Sandpit

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This article is about the children's play area. For the Brazilian racehorse, see Sandpit (horse). For other uses of the term, see Sandbox (disambiguation).
For the Wikipedia sandbox, where anyone can experiment with editing Wikipedia pages, see Wikipedia:Sandbox.
Sandpit with toy tools used by children to play in sand

A sandpit (Commonwealth countries) or sandbox (US/Canada) is a low, wide container or shallow depression filled with sand in which children can play. Many homeowners with children build sandpits in their backyards because, unlike much playground equipment, they can be easily and cheaply constructed. A "sandpit" may also denote an open pit sand mine.[1][2]

Sandpits encourage the imagination and creativity of children by providing materials and space to build several structures such as sandcastles; use toy trucks, shovels, and buckets to move the sand around; dig holes and bury objects, etc. In other words, the sand provides a medium in which children can pretend to explore, construct, and destroy the world in three dimensions. This idea of being creative and experimentation is the source of the metaphorical uses of the word 'sandpit' or 'sandbox'.[citation needed]

Children play in community place sandbox

The "pit" or "box" itself is simply a container for storing the sand so that it does not spread outward across lawns or other surrounding surfaces. Boxes of various shapes are often constructed from planks, logs, or other large wooden frames that allow children easy access to the sand and also provide a convenient place to sit. Small sandpits are also available commercially. These are usually made from plastic and are often shaped like an animal or other familiar objects.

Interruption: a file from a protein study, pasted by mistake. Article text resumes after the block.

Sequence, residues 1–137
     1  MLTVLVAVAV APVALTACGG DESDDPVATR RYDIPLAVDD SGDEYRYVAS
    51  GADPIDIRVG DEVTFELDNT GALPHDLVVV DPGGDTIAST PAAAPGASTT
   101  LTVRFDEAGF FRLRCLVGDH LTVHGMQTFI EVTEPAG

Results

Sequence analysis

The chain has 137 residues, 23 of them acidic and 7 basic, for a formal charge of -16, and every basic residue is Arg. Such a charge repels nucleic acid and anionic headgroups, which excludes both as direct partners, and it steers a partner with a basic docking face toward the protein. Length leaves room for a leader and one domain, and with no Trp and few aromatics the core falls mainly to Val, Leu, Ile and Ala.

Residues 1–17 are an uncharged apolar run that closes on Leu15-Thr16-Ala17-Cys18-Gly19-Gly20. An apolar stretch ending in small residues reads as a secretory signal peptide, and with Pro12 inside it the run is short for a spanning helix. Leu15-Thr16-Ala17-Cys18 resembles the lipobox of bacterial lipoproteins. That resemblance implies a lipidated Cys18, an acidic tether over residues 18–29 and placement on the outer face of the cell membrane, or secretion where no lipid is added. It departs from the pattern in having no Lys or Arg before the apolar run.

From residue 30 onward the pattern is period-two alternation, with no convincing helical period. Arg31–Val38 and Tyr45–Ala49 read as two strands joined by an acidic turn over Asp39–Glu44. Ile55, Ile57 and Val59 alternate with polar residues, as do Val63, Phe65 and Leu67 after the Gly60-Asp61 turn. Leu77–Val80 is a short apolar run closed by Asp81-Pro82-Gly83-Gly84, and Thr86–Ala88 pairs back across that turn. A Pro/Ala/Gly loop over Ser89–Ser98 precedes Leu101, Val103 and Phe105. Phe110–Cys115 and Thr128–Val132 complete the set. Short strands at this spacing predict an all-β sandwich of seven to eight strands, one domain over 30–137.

They sometimes also have lids to cover the sand when not in use, so that passing animals cannot contaminate the sand by urinating or defecating in it. Having lids also prevents the sand in outdoor sandpits from getting wet when it rains, although some dampness is often desirable as it helps the sand hold together. Prefabricated sandpits may also be used indoors, especially in day care facilities. Materials other than sand are also often used, such as oatmeal, which are necessarily non-toxic and light enough to easily vacuum away.

Sandpits can have a solid bottom or they can be built directly onto the soil. The latter allows free drainage (which is useful if the top is open) but can lead to contamination of the sand with soil if the children dig down to the ground.

The sand gets dirty over time and is eventually replaced. The old sand can be discarded or used for other purposes (for example, mixed into concrete).

Some people may use ordinary building sand to fill sandpits, while others use special sandbox sand. Since it is not washed, building sand is far cheaper, but often contains materials such as clay that may stain clothes. It also contains a mixture of grain sizes and colors, and hence has less eye appeal. Ordinary building sand may be strained with a sieve and washed to remove clay and particles to create a cleaner play medium. Many schools and playgrounds in North America have replaced sand around play structures with a wood chip mixture, as it is cheaper and does not stain clothing.

Sandbox with green bucket and a pink shovel

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